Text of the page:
But South Korea isn’t stopping there. The nation has ambitious plans to enhance the FA-50’s capabilities even further. A recent contract signed with German weapon manufacturers signifies a move to integrate powerful munitions, including an adapted version of the Taurus KEPD 350 air-launched cruise missile, into the FA-50’s arsenal. 

One striking demonstration of the FA-50’s effectiveness occurred during air combat exercises in July 2023 when a Philippine Air Force FA-50 simulated a kill against the F-22 Raptor, the pinnacle of US air superiority technology. 

The FA-50’s success, captured vividly by its gun camera, highlighted its agility and effectiveness in close-quarters engagement.

While some may argue that the F-22 was operating under constraints during the exercise, the FA-50’s performance nevertheless underscored its potential as a capable adversary in modern aerial warfare scenarios.

Challenger Of India LCA Tejas

In the realm of light attack/trainer jets, the FA-50 stands alongside counterparts like India’s Tejas, Russia’s Yak-130, and Hürjet from Turkey. Yet, when it comes to capabilities, the FA-50 finds its closest competition in India’s Tejas fighter jet.

Previously, both aircraft vied for Malaysia’s Lead In Trainer-Light Combat Aircraft (FLIT-LCA) tender. Despite the stiff competition, the South Korean FA-50 outperformed India’s Tejas, securing a contract for the export of 18 units to Malaysia.

Having already gained recognition internationally, the FA-50 has been acquired by numerous countries including Indonesia, Iraq, the Philippines, Thailand, and Poland.

On the other hand, India’s Tejas has yet to secure any contracts. However, its adaptable open architecture computer systems offer a distinct advantage, allowing integration of both Russian and Western armaments. This versatility positions the Indian-made light fighter favorably in markets sourcing from diverse suppliers.

Egypt is one such market where the FA-50 is being promoted. It is coincidentally a target market for India’s LCA Tejas. To support this endeavor, Hindustan Aeronautics Limited (HAL), the manufacturer of Tejas, has already proposed establishing production facilities in Egypt.

LCA Tejas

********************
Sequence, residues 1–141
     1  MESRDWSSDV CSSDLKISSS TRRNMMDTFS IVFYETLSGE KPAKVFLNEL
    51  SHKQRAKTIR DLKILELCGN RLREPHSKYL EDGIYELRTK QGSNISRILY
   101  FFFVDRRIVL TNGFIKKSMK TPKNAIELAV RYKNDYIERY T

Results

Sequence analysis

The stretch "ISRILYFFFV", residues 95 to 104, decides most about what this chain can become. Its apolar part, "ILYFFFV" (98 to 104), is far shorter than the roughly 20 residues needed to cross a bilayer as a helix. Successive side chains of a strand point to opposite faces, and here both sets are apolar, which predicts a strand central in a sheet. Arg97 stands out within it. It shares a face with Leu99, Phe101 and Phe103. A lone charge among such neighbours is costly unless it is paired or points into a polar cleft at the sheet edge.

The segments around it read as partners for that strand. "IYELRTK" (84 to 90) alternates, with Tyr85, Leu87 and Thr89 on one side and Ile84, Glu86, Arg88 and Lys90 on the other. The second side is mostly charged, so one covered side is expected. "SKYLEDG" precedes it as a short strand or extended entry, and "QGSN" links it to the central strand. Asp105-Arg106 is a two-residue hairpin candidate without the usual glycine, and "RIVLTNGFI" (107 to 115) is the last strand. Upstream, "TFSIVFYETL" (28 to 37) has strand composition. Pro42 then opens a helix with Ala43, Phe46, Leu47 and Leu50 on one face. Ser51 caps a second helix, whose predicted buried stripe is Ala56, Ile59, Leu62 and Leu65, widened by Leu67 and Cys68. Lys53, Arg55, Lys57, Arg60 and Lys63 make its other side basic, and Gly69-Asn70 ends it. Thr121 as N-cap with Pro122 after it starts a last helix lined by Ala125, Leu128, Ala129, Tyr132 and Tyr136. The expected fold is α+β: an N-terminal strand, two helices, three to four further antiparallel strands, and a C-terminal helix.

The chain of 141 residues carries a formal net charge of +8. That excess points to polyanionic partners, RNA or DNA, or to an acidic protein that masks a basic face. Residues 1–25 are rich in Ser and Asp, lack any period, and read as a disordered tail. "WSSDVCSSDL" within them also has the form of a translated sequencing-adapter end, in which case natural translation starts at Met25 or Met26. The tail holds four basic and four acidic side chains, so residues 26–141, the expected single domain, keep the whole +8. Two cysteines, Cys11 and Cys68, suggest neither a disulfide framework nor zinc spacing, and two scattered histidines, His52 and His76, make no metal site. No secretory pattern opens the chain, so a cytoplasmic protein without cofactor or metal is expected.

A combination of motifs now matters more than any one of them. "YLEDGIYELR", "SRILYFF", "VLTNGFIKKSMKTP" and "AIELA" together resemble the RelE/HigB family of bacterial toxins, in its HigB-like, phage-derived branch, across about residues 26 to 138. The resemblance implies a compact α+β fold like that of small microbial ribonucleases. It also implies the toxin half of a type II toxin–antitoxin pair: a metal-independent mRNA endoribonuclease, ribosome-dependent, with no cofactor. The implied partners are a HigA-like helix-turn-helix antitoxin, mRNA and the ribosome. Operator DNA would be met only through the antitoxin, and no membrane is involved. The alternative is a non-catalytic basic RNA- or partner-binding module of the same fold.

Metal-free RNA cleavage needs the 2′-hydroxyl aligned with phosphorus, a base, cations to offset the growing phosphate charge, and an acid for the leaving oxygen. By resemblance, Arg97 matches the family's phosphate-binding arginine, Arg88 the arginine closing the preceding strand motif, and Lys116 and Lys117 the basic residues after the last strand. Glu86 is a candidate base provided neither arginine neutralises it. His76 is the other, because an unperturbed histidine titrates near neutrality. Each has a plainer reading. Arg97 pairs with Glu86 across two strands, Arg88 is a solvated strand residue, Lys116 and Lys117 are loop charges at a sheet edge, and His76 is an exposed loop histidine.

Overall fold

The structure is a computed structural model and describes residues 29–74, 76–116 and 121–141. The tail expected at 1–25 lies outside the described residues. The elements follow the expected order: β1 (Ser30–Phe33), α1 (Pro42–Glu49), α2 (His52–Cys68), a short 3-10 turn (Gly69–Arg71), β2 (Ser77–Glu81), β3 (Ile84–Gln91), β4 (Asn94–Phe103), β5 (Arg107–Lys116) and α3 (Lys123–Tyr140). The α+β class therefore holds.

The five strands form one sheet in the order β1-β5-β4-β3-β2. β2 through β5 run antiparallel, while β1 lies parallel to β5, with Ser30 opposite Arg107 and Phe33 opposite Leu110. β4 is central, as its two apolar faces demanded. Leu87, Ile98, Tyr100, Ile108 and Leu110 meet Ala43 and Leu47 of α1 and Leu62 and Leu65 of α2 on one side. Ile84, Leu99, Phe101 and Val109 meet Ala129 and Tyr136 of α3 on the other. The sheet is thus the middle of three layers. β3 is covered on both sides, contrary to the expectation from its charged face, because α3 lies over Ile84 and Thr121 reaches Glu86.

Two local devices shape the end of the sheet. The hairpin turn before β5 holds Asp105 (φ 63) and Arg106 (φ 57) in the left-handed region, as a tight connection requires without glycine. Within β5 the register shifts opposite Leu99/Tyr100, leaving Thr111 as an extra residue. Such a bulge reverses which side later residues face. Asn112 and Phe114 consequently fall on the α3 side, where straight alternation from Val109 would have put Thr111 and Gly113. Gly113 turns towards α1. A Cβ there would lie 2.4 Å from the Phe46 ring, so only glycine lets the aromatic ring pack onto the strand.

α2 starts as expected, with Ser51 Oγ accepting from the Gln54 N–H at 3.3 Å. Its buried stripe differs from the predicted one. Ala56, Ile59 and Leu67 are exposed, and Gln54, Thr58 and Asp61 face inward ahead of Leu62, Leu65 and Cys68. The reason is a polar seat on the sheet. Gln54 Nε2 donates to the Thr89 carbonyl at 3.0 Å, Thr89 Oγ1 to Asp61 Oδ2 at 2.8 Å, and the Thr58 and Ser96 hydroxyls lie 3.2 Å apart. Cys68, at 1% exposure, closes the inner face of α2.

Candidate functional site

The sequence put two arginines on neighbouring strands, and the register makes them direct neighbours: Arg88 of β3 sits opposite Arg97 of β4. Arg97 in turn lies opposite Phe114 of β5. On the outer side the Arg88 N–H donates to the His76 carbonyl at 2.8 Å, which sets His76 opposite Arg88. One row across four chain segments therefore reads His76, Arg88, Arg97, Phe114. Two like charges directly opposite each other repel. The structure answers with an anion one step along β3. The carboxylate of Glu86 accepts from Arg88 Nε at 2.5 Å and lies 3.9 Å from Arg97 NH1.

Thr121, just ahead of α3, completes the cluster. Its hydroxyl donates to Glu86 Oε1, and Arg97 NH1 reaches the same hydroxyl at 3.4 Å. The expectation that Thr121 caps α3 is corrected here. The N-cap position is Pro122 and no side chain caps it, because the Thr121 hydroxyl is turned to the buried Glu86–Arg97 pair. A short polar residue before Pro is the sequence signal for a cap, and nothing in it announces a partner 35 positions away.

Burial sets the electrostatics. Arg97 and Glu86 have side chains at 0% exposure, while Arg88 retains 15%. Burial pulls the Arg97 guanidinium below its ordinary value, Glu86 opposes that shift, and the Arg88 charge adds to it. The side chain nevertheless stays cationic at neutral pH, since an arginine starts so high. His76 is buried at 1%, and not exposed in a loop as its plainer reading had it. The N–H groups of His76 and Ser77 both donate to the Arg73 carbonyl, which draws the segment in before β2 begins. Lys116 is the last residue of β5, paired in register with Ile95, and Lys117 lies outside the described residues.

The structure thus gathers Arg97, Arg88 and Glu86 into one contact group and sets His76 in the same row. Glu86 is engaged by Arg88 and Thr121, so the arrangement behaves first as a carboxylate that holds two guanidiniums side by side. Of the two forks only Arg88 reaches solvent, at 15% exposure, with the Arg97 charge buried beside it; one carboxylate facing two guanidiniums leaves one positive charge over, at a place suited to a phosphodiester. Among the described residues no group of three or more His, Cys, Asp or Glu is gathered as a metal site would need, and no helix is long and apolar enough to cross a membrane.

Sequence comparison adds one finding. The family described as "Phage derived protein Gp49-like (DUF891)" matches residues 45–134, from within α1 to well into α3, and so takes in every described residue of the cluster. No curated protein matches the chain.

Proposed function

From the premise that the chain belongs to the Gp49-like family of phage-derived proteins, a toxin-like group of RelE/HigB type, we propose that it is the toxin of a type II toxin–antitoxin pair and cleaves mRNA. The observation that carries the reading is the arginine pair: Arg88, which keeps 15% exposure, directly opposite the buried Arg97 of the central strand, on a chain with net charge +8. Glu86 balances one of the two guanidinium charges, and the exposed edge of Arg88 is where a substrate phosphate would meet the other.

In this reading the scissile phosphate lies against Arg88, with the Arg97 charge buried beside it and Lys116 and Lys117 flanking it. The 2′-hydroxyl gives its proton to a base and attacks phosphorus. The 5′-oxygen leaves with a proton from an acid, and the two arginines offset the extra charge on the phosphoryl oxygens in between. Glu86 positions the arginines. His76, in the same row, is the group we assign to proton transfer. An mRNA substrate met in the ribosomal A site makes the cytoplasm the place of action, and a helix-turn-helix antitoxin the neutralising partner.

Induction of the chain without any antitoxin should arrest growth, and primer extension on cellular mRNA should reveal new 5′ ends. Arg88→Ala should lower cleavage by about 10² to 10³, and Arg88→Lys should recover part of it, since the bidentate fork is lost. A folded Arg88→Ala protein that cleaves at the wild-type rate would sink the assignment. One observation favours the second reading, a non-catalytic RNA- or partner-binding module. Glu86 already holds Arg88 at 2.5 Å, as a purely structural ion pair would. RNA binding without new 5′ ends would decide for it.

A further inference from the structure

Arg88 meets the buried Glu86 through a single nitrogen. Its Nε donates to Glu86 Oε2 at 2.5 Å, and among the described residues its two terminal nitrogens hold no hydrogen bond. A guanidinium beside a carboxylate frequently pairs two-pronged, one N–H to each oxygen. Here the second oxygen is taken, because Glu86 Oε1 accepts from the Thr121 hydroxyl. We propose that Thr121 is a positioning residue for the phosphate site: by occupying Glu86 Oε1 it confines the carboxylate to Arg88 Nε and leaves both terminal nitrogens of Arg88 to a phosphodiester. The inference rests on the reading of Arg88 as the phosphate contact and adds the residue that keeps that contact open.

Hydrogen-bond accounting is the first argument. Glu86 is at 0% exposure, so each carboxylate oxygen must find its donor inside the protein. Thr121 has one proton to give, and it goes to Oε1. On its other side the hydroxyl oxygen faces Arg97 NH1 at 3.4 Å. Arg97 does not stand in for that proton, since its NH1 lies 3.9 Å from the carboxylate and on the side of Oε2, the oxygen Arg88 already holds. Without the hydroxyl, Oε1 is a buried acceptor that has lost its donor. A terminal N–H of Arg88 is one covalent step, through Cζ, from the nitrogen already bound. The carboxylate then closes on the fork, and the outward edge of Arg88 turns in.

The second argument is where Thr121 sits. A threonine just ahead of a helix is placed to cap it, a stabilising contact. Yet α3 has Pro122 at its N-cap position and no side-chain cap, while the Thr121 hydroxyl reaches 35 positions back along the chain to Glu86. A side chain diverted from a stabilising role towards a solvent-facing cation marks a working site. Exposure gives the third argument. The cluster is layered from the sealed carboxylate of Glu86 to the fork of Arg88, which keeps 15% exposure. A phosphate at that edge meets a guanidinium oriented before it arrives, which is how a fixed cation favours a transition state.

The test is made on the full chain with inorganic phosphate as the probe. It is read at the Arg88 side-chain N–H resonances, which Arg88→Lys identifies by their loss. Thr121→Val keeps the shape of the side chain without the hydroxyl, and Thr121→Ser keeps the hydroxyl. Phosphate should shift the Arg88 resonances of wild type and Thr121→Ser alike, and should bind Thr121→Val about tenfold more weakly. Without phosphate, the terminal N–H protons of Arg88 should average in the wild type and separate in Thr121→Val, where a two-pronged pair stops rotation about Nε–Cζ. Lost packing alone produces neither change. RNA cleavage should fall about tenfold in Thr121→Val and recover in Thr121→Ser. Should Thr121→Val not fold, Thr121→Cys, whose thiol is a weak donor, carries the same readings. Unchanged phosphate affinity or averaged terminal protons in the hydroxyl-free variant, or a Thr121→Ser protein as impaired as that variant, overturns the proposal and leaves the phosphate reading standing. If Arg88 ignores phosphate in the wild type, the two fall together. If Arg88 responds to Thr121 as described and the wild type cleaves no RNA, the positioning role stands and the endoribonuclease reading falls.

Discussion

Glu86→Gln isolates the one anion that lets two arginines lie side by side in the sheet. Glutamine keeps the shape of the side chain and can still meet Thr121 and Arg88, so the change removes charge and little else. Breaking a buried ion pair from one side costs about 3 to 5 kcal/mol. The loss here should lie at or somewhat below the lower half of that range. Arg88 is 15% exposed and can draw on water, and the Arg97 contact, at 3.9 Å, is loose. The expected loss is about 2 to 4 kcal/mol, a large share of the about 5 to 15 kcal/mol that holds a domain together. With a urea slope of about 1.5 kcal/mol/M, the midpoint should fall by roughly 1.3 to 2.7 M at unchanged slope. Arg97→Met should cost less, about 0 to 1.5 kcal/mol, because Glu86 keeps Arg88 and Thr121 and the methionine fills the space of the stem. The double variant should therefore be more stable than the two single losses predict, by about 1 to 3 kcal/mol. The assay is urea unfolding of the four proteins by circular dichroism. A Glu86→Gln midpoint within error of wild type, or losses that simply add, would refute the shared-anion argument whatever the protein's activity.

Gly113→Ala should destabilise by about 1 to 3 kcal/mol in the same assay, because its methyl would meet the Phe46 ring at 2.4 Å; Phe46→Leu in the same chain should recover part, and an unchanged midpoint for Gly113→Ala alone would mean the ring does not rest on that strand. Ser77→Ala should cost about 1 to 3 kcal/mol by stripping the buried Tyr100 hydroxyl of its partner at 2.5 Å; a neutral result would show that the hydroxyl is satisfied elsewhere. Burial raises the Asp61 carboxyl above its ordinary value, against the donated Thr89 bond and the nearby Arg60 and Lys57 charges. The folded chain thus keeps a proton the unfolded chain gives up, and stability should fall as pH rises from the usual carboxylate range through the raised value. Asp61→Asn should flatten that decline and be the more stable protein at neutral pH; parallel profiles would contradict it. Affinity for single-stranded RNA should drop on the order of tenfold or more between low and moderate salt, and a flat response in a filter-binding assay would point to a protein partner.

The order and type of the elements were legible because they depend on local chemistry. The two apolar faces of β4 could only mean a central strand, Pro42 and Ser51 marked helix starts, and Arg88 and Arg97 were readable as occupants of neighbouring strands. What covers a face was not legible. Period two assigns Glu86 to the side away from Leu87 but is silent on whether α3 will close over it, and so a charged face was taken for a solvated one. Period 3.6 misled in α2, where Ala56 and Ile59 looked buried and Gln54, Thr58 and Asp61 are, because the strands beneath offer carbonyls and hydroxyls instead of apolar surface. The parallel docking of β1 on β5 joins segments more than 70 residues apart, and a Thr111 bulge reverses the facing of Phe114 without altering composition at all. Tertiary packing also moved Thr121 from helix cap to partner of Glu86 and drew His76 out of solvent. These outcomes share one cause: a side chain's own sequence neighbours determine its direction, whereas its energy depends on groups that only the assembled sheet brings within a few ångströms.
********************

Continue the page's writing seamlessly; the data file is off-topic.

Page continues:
Meanwhile, the Indian Air Force has showcased its trust in the domestically developed Light Combat Aircraft (LCA) Tejas. The journey began on March 31, 2006, when the Indian Government, acting on behalf of the IAF, initiated an order for 20 LCA Tejas units from HAL. This initial procurement encompassed a mix of four twin-seat trainers and 16 single-seat LCA variants.

Building on this foundation, on December 23, 2010, the Indian Government further bolstered its commitment by placing an additional order for 20 LCA Tejas aircraft. This acquisition included four trainers and 16 single-seat LCA, all belonging to the Tejas Mk-1 version.

The fruition of these efforts was marked by the induction of the first Tejas Mk-1 aircraft into the IAF in 2016, symbolizing a significant milestone in India’s indigenous aerospace industry. Presently, two fully operational squadrons, namely the 45 Squadron and 18 Squadron, stand as proud custodians of the LCA Tejas.

The Indian Air Force has taken further proactive measures to enhance its capabilities in the face of the changing strategic environment and the necessity to upgrade its fleet. 

This was exemplified by the historic order of 83 Tejas Mk1A jets in early 2021, valued at $6.5 billion, to replace the aging fleet of MiG-21 fighter jets. The MK-1A variant represents an enhanced iteration of the MK-1 model. 

Further, on November 30, 2023, HAL placed an order for an additional 97 Tejas Mk 1A units for the IAF. With this order, the envisioned Tejas Mk1A fleet will swell to a formidable force of 180 aircraft, distributed across nine squadrons, poised to defend the nation’s skies with indigenous prowess and pride.